Rent Control and the Housing Crisis
Osal Kelly discusses how to put a lid on the bubbling housing market.
The housing crisis and homelessness have emerged as two major issues on the political agenda. The latest statistics show almost 90,000 households on the list for social housing, but even these figures are out of date, The Irish Times estimating that the number has now easily broken the 100,000 mark. Rents are soaring, having risen by 14% in Dublin in the last year and 9% nationally. Some Dublin tenants face increases of more than 20%. With these increases and with an enormous demand chasing a small supply of social housing, it is easy to see how so many are being driven into homelessness. Although Irish tenant law is quite strong on security of tenure in theory, this means little if landlords can still evict tenants with arbitrary rent increases. An obvious element of the solution is for the Government to introduce rent control beyond the current limited requirement that rent not be increased more than annually and not beyond the market rate.
Ireland is something of an outlier in Western Europe in its lack of rent control. In Europe and elsewhere, it is often backed up by rent boards to enforce the regulations. France and Italy both allow the initial rent to be freely negotiated but it cannot later be increased by more than a maximum amount linked to the increase in construction costs in France, or more than 75% of the cost of living in Italy. Rent limits in Germany depend on such factors as the age and location of the building. Sweden has a strict rent control system but allows for greater increases if the landlord makes improvements to a dwelling. Such systems contrast sharply with the Irish requirement that rent increases not exceed the market level: when demand hugely outstrips supply, it is the market rate that in itself becomes problematic. The advantage of these other rent control regimes is that rises in rent levels are not just left to the market.
Of course, there are vested interests in the sector who will oppose rent controls. Advocates of rent control will need to rebut some of their counter-arguments. A common claim is that rent controls in reducing the incomes of landlords would disincentivise them from making units available for rent and lead to a contraction in the supply of rental properties. However, there is actually little in the way of fact based studies to verify this claim. To test whether or not this is an accurate picture of the impact of rent control, it would be necessary to look at the market before and after its introduction. The problem, as economist Richard Arnott pointed out in a seminal 1995 paper on rent control, is that there are so many other variables in terms of the economy and housing and tax policy that it is difficult to pin any changes down to rent control alone. Perhaps due to this, it does not seem that there is clear evidence that implementing rent control would lead to a major impact on supply.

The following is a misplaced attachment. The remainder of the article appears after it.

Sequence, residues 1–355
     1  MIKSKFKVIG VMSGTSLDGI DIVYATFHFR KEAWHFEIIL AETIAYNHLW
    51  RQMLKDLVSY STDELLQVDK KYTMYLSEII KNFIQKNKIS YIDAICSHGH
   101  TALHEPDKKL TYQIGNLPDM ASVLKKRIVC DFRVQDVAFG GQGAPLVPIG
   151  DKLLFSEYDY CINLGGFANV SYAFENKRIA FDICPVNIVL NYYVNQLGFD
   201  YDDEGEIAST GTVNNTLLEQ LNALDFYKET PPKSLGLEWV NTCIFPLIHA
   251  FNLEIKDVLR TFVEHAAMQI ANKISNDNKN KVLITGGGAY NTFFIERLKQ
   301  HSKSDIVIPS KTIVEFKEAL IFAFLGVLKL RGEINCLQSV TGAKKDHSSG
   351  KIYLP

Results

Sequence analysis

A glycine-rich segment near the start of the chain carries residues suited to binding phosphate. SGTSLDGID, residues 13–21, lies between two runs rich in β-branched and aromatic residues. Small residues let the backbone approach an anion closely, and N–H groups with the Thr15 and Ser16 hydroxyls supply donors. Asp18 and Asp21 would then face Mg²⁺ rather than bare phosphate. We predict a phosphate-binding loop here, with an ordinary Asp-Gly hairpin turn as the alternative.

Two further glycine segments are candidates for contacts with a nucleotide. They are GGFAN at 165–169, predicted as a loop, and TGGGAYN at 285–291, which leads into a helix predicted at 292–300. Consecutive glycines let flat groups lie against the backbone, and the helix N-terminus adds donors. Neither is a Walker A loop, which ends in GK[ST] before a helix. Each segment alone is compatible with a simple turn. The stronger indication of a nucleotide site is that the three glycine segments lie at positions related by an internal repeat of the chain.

Furthermore, the structure of the market in Ireland specifically makes it unlikely that rent controls would lead to much divestment from the sector,at least in the short term. Speaking with LookLeft, Unite Research Officer, Michael Taft, emphasised the small scale of Irish landlordism, with the vast majority of landlords having only one or two properties. It is not mass landlordism, so the suggestion that the market is based around agents with the resources to respond to changes in the market with increased investment or divestment is simply not accurate. Indeed, many landlords could not afford to withdraw their properties from the market if rent controls were imposed, such is the crisis in the buy-to-let market, with nearly 40,000 buy-to-let mortgages in arrears. Rent Control has to be within a strategically reconfigured housing system which embraces all the current forms of tenure.
Michael Taft’s view is that “it may not affect current supply, but unless it’s done with a view to a rational expansion of supply, it could curtail future supply.” It is in this context that there is a need for the State to become a more important player in the supply of housing, and he argues for a semi-state enterprise that could learn from the Northern Ireland Housing Executive; he also contends that the State could influence the market by providing social housing for rent, which could be a stabilising force in terms of rent levels. Andrew MacLaran of the Trinity College Geography Department similarly believes that rent control needs to be in the context of a new housing system that is needs-based, commenting that the “number of social housing units developed in the 1950s, when the country was broke and emigration was at extraordinarily high levels, belies the nonsense of contemporary political commentary which asserts that ‘we cannot afford it’.” Dr MacLaran continued: “There is a role for rent control but this has to be within a strategically reconfigured housing system which embraces all of the current forms of tenure.”
Rent control may not solve all of our housing problems, but it would be a major step in the right direction.